There’s a lot of room to experiment and try your own mixtures (see Watermelon Salsa recipe at

Fresh salsa is found in the refrigerated part of your grocery store and should be used more than 5-6 days after unsealing it.

Cooked or store-bought salsa can be kept unopened at room temp for up to 6 months, but once you break that seal, it’s best to use it within a month.

Sunday, June 12, 2011

Dipping Oil for Bread

One of my favorite food trends is dipping oils with bread as an appetizer, especially when they're made fresh and use a really high quality olive oil.  So I decided to do a little 'sperimenting and came up with some simple combos I like.  Hope you will too.

Greek-style Dipping Oil

1/2 tsp ground black pepper
1/2 tsp fresh cracked black pepper
1 tsp kosher salt
2 tsp fresh lemon zest
2 tsp mint flakes (or fresh)
1/2 tsp white balsamic vinegar
2-3 tbsp extra virgin olive oil

Mix all the dry ingredients together, then put on a plate.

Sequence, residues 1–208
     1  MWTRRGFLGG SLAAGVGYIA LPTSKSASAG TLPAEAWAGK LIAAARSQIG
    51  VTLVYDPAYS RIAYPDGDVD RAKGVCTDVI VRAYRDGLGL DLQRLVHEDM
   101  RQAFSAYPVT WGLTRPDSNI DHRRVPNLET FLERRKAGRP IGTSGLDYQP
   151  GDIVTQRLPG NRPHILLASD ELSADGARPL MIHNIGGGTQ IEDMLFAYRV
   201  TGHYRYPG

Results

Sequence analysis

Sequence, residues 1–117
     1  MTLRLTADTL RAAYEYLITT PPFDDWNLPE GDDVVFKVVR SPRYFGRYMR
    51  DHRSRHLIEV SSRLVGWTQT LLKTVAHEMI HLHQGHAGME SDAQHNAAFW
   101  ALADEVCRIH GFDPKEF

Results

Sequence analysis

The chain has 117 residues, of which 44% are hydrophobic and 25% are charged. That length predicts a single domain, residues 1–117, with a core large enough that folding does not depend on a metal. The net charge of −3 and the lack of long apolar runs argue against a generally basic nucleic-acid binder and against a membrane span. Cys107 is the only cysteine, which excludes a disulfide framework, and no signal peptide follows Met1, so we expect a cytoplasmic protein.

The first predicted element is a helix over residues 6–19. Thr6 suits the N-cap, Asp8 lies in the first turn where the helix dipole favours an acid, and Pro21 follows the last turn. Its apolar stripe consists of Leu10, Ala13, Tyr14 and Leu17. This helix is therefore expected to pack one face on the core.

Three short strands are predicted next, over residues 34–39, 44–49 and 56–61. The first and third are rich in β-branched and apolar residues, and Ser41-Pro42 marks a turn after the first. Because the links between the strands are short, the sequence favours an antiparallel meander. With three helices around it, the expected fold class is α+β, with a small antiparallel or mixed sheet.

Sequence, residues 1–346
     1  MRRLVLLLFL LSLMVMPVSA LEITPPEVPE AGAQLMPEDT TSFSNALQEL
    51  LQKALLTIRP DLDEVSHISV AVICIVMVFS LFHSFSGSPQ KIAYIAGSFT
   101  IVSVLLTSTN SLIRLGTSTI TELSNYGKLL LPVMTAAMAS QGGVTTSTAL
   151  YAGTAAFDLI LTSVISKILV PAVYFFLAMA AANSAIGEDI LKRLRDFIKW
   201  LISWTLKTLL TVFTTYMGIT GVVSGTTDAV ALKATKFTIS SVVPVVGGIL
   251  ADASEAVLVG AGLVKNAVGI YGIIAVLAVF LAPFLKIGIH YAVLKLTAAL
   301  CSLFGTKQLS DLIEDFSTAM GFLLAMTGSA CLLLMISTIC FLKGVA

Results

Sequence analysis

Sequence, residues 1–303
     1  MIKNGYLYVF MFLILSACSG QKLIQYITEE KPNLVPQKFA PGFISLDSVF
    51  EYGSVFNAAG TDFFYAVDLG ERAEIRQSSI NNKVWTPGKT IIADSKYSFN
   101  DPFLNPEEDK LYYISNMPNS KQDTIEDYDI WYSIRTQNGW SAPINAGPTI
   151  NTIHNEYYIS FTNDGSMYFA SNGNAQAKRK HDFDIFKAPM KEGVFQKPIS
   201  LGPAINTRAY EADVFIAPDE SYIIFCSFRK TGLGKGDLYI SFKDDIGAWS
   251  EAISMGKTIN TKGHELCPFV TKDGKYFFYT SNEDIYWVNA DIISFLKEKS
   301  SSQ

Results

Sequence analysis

Pour olive oil over and stir until blended and serve with a hearty artisan loaf. (I used whole wheat and it was dee-lish).

Mexican-style Dipping Oil

1/2 tsp ground black pepper
1/2 tsp fresh cracked black pepper
1 tsp kosher salt
1/4 tsp red pepper
2 tsp dried cilantro (or fresh)

French-style Dipping Oil

1/2 tsp ground black pepper
1/2 tsp fresh cracked black pepper
1 tsp kosher salt
2 tsp tarragon
1 tsp bay leaf flakes

Italian-style Dipping Oil

1/2 tsp ground black pepper
1/2 tsp fresh cracked black pepper
1 tsp garlic salt
2 tsp parmesan
1 tsp oregano
1 tsp basil


All of the measured amounts above are just suggested.  Feel free to change any of them to suit your particular tastes.  I found for me that too much pepper in the mix overtook the flavor, but if you're a pepper junkie, then go for it.